Oxfenicine is a carnitine-palmitoyl transferase 1b (CPT-1b)-specific inhibitor that has been shown to improve whole-body insulin sensitivity while suppressing fatty acid (FA) oxidation and increasing circulating FA. Since the white adipose tissue (WAT) is an organ that stores and releases FAs, this study investigated whether oxfenicine-induced inhibition of FA oxidation affected adiposity and WAT metabolism in rats fed either low (LF) or high-fat (HF) diets. Following 8 weeks of dietary intervention, male Sprague-Dawley rats were given a daily i.p. injection of oxfenicine (150 mg/kg body weight) or vehicle (PBS) for 3 weeks. Oxfenicine treatment reduced whole-body fat oxidation, body weight, and adiposity and improved insulin sensitivity in HF-fed rats. All these effects occurred without alterations in food intake, energy expenditure, and ambulatory activity. In vivo oxfenicine treatment reduced FA oxidation and lipolysis in subcutaneous inguinal (SC Ing) adipocytes, whereas glucose incorporation into lipids (lipogenesis) was significantly reduced in both SC Ing and epididymal (Epid) adipocytes. In summary, our results show that oxfenicine-induced inhibition of CPT-1b markedly affects WAT metabolism, leading to reduced adiposity through a mechanism that involves reduced lipogenesis in the Sc Ing and Epid fat depots of rats.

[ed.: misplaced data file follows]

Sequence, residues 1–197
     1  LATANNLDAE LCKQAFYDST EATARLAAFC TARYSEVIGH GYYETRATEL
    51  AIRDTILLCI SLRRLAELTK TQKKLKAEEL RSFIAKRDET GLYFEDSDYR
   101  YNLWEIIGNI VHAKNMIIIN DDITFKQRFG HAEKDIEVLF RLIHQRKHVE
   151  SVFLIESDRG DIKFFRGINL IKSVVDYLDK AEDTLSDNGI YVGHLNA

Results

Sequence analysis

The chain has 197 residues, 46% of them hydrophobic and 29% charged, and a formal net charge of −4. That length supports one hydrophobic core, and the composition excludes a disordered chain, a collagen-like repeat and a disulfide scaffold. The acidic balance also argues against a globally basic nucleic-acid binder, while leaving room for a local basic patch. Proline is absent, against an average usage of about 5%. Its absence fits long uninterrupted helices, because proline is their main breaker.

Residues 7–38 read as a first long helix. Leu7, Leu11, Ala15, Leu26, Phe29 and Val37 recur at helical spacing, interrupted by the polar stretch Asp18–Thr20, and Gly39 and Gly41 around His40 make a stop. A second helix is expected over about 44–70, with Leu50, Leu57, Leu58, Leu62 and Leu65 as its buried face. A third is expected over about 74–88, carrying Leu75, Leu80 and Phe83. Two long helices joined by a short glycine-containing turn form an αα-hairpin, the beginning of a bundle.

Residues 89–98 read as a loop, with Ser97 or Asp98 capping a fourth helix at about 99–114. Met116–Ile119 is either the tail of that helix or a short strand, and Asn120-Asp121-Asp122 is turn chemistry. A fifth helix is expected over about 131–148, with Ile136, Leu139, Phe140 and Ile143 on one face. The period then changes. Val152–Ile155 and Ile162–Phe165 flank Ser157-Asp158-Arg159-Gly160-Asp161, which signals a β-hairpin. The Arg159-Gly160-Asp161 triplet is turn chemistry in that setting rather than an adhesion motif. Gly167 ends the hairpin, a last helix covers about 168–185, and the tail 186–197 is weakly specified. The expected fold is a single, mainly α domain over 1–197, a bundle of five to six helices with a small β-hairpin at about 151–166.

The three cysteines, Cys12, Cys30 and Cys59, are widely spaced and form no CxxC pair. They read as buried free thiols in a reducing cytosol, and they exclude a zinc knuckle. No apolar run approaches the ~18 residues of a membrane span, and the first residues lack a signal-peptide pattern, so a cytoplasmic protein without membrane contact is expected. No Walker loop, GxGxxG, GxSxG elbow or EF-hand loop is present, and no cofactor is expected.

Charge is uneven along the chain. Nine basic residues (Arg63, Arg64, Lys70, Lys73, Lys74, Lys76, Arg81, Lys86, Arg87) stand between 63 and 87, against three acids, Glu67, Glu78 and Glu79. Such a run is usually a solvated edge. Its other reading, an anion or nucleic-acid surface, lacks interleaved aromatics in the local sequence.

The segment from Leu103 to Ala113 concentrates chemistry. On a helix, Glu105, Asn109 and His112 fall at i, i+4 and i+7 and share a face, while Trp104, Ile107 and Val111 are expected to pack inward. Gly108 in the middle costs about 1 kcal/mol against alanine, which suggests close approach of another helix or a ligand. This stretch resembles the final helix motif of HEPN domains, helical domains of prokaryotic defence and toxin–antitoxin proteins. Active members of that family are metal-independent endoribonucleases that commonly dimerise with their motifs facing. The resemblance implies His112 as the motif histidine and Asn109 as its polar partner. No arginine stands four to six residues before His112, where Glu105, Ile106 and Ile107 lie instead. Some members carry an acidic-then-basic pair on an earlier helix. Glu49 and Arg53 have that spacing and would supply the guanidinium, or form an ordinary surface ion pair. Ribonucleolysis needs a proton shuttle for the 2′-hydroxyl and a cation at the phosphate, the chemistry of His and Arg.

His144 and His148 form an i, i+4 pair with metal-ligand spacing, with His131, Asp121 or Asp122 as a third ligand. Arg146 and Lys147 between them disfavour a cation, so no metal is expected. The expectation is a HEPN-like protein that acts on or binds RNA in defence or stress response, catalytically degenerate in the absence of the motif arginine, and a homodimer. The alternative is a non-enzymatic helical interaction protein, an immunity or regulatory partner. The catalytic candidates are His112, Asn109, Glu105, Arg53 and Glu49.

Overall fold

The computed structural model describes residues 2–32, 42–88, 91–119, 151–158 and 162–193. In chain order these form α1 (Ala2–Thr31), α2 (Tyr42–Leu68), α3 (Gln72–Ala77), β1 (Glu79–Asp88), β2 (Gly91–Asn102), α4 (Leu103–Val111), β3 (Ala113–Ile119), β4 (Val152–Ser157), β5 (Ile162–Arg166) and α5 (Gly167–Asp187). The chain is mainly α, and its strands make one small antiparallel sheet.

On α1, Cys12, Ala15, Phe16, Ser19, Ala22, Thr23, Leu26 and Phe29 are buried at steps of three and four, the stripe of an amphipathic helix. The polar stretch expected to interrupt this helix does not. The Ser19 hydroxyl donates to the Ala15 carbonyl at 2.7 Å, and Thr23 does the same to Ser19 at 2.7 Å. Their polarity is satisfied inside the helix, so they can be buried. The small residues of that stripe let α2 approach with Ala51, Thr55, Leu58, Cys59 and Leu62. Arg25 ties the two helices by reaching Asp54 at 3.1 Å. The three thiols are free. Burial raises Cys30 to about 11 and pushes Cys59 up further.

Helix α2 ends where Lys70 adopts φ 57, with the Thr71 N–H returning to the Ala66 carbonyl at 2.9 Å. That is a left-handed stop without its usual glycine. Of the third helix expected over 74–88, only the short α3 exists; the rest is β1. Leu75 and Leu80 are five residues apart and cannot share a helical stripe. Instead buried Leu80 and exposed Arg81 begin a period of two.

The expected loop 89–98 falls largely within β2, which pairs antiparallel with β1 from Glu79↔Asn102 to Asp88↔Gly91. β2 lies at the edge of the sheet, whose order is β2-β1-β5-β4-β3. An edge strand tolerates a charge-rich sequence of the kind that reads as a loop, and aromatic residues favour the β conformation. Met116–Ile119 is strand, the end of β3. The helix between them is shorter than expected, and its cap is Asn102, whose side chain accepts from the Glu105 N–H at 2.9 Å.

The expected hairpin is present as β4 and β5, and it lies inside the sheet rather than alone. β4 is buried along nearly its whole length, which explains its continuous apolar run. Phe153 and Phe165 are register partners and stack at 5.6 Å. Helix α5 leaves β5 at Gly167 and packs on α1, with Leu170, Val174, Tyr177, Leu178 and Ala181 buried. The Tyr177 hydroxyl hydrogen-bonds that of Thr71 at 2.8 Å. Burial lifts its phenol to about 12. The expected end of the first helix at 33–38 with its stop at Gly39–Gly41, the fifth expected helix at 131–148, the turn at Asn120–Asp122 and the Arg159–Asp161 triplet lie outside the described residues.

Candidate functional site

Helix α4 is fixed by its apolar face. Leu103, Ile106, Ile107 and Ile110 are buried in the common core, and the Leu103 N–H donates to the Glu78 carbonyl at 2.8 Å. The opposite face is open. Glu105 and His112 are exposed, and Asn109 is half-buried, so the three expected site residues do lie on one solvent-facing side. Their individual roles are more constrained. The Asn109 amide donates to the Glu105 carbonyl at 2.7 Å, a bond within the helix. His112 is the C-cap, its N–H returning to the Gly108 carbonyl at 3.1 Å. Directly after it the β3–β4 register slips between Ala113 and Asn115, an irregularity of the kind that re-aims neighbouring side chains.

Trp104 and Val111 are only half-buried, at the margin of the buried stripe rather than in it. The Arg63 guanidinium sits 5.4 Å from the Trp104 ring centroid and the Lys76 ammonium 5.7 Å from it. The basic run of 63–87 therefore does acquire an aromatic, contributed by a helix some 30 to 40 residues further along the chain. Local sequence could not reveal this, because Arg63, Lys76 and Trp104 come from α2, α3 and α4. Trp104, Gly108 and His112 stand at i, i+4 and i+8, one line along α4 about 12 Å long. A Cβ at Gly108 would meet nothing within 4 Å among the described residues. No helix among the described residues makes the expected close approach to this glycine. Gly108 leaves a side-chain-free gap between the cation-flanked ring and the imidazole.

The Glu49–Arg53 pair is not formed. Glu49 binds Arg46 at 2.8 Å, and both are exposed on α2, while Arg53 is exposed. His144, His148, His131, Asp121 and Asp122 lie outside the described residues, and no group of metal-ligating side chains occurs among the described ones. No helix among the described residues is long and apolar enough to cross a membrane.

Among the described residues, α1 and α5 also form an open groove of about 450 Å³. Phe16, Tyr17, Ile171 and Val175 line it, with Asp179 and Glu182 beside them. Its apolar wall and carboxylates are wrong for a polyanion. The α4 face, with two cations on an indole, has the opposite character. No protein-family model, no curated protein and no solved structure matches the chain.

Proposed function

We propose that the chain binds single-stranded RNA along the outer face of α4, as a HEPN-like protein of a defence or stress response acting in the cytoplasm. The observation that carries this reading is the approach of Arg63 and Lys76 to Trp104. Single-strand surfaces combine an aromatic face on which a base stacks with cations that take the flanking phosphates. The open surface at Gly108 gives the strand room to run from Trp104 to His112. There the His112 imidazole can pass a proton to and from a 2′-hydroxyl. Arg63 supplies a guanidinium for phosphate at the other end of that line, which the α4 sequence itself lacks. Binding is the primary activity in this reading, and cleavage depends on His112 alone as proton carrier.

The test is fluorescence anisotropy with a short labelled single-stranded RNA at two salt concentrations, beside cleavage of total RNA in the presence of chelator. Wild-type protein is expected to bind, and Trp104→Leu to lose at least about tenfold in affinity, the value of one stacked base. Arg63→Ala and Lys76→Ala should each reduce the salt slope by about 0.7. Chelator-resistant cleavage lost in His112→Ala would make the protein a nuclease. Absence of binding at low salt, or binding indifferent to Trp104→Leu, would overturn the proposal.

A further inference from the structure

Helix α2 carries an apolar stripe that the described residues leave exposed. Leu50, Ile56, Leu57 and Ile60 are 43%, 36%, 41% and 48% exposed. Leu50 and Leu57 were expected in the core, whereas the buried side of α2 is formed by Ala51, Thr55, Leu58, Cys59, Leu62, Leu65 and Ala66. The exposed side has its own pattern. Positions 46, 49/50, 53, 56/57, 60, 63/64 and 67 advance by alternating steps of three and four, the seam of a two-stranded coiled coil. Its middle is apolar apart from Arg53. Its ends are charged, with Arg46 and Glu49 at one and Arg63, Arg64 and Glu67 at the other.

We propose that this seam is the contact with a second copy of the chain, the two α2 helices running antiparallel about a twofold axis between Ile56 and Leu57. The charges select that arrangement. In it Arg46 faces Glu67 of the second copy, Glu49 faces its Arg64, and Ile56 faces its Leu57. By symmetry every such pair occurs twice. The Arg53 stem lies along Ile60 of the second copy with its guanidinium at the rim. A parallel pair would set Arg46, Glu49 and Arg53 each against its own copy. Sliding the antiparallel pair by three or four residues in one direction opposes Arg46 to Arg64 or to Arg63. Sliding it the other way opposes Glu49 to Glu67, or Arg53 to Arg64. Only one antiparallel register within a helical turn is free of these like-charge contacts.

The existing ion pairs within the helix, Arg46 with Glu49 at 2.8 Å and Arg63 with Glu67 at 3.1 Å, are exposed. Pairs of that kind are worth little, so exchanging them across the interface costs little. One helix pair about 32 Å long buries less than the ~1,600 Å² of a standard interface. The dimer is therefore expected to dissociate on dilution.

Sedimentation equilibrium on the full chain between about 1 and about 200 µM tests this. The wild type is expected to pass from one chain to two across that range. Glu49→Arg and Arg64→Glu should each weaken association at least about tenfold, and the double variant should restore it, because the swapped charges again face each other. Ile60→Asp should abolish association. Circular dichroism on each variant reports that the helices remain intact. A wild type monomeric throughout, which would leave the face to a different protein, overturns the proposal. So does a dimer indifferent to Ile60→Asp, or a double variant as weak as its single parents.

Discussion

- Fatty-acid oxidation
- Subcutaneous and visceral fat
- Insulin resistance
- Lipolysis and fatty acid metabolism
- CPT-1b inhibition
- Copyright © 2016, American Journal of Physiology-Regulatory, Integrative and Comparative Physiology